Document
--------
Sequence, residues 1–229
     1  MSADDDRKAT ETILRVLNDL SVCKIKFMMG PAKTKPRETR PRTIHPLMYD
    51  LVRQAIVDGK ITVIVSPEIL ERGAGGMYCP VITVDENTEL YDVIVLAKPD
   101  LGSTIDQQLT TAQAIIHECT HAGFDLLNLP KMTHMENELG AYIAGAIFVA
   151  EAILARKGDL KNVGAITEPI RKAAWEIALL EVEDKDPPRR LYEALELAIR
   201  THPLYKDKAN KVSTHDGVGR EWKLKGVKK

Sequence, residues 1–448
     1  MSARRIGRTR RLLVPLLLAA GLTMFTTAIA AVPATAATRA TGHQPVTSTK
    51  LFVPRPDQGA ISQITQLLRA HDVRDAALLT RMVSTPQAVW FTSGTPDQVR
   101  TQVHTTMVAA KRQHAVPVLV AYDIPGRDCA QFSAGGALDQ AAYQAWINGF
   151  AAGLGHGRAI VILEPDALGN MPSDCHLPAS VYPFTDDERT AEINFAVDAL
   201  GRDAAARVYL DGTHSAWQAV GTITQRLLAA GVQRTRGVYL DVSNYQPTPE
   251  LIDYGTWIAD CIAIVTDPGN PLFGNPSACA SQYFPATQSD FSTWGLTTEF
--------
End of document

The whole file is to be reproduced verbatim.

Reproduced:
Sequence, residues 1–229
     1  MSADDDRKAT ETILRVLNDL SVCKIKFMMG PAKTKPRETR PRTIHPLMYD
    51  LVRQAIVDGK ITVIVSPEIL ERGAGGMYCP VITVDENTEL YDVIVLAKPD
   101  LGSTIDQQLT TAQAIIHECT HAGFDLLNLP KMTHMENELG AYIAGAIFVA
   151  EAILARKGDL KNVGAITEPI RKAAWEIALL EVEDKDPPRR LYEALELAIR
   201  THPLYKDKAN KVSTHDGVGR EWKLKGVKK

Sequence, residues 1–448
     1  MSARRIGRTR RLLVPLLLAA GLTMFTTAIA AVPATAATRA TGHQPVTSTK
    51  LFVPRPDQGA ISQITQLLRA HDVRDAALLT RMVSTPQAVW FTSGTPDQVR
   101  TQVHTTMVAA KRQHAVPVLV AYDIPGRDCA QFSAGGALDQ AAYQAWINGF
   151  AAGLGHGRAI VILEPDALGN MPSDCHLPAS VYPFTDDERT AEINFAVDAL
   201  GRDAAARVYL DGTHSAWQAV GTITQRLLAA GVQRTRGVYL DVSNYQPTPE
   251  LIDYGTWIAD CIAIVTDPGN PLFGNPSACA SQYFPATQSD FSTWGLTTEF